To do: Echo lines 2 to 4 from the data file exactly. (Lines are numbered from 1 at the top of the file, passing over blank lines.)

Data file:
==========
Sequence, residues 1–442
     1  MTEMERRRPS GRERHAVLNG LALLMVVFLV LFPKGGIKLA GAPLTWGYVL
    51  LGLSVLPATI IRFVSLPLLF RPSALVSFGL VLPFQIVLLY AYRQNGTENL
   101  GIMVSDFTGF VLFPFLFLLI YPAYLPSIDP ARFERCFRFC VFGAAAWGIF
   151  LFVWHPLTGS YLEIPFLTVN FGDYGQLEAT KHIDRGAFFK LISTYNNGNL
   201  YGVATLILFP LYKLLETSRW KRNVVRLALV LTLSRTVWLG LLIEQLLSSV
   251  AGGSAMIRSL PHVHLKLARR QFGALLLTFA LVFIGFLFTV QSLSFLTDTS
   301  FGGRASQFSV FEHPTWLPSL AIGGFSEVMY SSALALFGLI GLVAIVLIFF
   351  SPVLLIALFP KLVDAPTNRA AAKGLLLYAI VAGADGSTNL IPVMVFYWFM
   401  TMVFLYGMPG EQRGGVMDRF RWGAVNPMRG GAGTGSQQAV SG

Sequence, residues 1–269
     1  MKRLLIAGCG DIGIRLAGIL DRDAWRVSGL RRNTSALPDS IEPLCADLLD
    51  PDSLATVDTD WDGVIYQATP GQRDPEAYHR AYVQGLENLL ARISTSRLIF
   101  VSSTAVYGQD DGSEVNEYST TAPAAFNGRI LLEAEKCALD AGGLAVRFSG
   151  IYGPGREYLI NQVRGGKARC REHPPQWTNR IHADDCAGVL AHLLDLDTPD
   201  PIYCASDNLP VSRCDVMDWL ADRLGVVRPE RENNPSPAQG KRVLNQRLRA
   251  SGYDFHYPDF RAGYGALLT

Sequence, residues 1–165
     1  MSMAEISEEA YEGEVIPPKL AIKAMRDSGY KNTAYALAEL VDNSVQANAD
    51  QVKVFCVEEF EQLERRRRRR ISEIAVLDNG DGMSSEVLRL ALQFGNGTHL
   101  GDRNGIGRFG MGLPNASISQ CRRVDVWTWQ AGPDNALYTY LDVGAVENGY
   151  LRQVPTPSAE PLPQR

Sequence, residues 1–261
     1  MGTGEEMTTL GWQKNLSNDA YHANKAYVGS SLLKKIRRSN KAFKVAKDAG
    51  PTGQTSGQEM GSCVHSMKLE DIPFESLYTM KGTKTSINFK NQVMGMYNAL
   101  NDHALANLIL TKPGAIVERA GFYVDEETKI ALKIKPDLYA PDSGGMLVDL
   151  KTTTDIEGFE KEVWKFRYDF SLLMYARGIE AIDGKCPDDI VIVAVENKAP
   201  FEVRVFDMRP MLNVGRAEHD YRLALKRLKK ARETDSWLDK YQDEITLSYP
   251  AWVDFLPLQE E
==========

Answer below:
     1  MTEMERRRPS GRERHAVLNG LALLMVVFLV LFPKGGIKLA GAPLTWGYVL
    51  LGLSVLPATI IRFVSLPLLF RPSALVSFGL VLPFQIVLLY AYRQNGTENL
   101  GIMVSDFTGF VLFPFLFLLI YPAYLPSIDP ARFERCFRFC VFGAAAWGIF